On November 7, 1927, May enlisted the help of her two oldest sons, Howard, then 20, and James, 16, to murder their uncle Robert. May had taken out a $2,000 insurance policy on his life and promised to buy her boys a car if they helped her. After Robert got home from work, the three of them jumped him, beat him with a club and sledgehammer, and then finished him off with a gunshot to the head. They poured alcohol over his body and down his throat and rummaged through his belongings in an attempt to make the murder look like a robbery.

The police fell for the robbery gambit and thought Robert had been slain by bootleggers. For a long time it appeared the trio had gotten away with it.

But murder will out. The homicide went unsolved until December 1934, when May’s youngest son, Lawrence, was arrested on an unrelated charge of burglary. He told the police everything he knew about his uncle’s murder, which was enough to put his mother and brothers behind bars.

Lawrence testified against his family at the ensuing trial. (Not that his cooperation in the murder case helped with his own legal difficulties; he got seven years for the burglary.) May tried to shoulder all the blame — “I drove my children to do it. It was all my fault. They killed him but they would not have done it, if I hadn’t made them do it.”

May, James and Howard were all convicted but the jury recommended mercy for the two young men. In the end, James was sentenced to life in prison but Howard, who had sired a family of three children, got a death sentence, as did his mother.

During the time period between the trial and the time the sentence was carried out, both Howard and May turned to religion for solace and read their Bibles “cover to cover.” Their last meal was cake and ice cream.

Authorities erected the gallows behind a high fence to conceal it from prying eyes. They even stretched a piece of canvas overhead to prevent aerial photography. A single rope was used for both hangings, and May was first in line. She wore a new black dress with white ribbon around the throat. Her son was dressed in a formal suit and tie. Mary died at 5:30 a.m. and Howard followed her at 6:08.

As for James, he outlived his mother and brother by only nine years, dying in prison of natural causes at the age of 34.

On this day..

Entry Filed under: 20th Century,Capital Punishment,Common Criminals,Crime,Death Penalty,Delaware,Execution,Guest Writers,Hanged,Murder,Other Voices,Pelf,USA,Women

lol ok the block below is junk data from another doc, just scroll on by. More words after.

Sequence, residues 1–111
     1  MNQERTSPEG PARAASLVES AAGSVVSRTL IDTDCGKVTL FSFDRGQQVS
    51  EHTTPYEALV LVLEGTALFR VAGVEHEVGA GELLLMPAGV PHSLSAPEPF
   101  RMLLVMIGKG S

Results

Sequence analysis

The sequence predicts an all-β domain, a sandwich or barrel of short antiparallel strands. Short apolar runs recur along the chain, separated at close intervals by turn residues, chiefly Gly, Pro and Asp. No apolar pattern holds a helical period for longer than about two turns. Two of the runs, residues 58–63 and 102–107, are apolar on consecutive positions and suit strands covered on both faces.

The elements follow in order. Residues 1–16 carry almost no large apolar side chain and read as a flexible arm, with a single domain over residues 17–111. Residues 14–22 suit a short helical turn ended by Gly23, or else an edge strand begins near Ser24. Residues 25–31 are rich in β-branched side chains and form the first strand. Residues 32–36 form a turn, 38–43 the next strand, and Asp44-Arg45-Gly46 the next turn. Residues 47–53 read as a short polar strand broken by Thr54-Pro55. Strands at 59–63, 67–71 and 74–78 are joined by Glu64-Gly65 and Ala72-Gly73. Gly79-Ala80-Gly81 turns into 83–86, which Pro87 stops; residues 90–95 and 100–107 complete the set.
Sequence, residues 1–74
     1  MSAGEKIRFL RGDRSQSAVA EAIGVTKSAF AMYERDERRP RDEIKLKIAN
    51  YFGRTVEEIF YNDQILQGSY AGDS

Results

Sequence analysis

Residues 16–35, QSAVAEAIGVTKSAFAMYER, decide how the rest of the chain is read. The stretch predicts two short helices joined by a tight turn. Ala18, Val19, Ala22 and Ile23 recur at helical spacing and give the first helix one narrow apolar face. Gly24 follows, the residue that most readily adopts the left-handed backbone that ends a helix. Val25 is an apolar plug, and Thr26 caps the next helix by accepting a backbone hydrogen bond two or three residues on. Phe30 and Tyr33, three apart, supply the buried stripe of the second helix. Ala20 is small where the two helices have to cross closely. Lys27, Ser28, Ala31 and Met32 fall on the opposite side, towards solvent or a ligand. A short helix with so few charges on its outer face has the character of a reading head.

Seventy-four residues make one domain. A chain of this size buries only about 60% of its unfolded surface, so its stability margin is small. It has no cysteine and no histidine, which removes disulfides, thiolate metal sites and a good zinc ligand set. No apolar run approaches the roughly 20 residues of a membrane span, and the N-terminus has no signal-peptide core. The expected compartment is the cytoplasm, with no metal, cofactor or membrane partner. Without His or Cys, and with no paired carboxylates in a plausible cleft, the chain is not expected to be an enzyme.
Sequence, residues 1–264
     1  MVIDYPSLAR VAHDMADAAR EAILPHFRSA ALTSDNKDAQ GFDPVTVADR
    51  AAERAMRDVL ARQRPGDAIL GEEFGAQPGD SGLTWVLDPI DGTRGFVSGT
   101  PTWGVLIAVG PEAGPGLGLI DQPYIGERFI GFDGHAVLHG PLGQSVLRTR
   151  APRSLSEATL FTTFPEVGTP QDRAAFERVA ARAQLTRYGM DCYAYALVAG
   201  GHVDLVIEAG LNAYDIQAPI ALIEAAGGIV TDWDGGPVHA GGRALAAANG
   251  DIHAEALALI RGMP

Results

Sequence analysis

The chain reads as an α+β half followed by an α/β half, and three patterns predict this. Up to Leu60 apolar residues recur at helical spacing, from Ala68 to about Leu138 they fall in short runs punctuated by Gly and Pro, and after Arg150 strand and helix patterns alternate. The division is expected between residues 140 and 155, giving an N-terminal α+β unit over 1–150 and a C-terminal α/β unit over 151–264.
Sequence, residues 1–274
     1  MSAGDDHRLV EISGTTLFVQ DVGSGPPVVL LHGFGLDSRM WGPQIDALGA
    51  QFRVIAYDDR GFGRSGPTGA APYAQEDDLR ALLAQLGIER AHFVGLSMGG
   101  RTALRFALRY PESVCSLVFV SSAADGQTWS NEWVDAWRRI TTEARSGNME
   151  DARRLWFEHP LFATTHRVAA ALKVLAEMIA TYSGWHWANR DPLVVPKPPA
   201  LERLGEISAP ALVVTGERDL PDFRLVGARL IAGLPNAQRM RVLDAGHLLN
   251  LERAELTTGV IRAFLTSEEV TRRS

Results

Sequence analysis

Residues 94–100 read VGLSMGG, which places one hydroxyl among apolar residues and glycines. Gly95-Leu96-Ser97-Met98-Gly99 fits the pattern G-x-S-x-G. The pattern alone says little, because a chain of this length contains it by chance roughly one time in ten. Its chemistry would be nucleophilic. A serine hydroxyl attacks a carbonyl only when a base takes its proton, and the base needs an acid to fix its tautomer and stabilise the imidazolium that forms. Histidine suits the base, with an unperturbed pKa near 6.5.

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1730: Sally Bassett, Bermuda slave

Add comment June 6th, 2017 Meaghan

(Thanks to Meaghan Good of the Charley Project for the guest post. -ed.)

Perhaps on this day in 1730,* an elderly mulatto slave named Sarah or Sally Bassett was burned at the stake for attempted murder in the British Caribbean colony of Bermuda.

Sally was the property of Thomas Forster, as was her granddaughter, Beck. (Thomas Forster was the grandson of Josias Forster, who was governor of Bermuda from 1642 to 1643.) The Forster family lived in Sandys Parish.

Being so old, Sally wasn’t worth much: her value was appraised at one pound, four shillings and sixpence, or about $160 in modern U.S. currency. She also had the reputation of a troublemaker: in 1713, for example, she was whipped the length of Southampton Parish after being accused of threats, property damage and killing livestock.

On December 18, 1729, Sally allegedly gave two bags of poison, said to be “white toade”** and “manchineel root”, to her granddaughter, Beck, and told her to poison Thomas, his wife Sarah, and Nancey, another slave in the Forster household.

Beck slipped a dose into the master and mistress’s food, “where if her Mistress did but smell on’t twould poison her.” She put the rest of the poison in the kitchen door, where Nancey found it and “by only looking at it ye said. Nancey was poyson’d.” (Quotes are as cited in Slaves and Slaveholders in Bermuda, 1616-1782.)

Sally was not arrested and charged with the crime until June 2, nearly six months later. The victims were all still “sick and Lye in a very Languishing and dangerous Condition,” but Sarah Forster was at least well enough to drag herself out of her sickbed and testify against her slaves.

Beck was acquitted but Sally, “not having the fear of God before her Eyes, Butt being moved and seduced by ye Instigation of the Devil,” was convicted of petit treason for her attempt on her master and mistress’s lives.

Although she maintained her innocence, she was sentenced to death.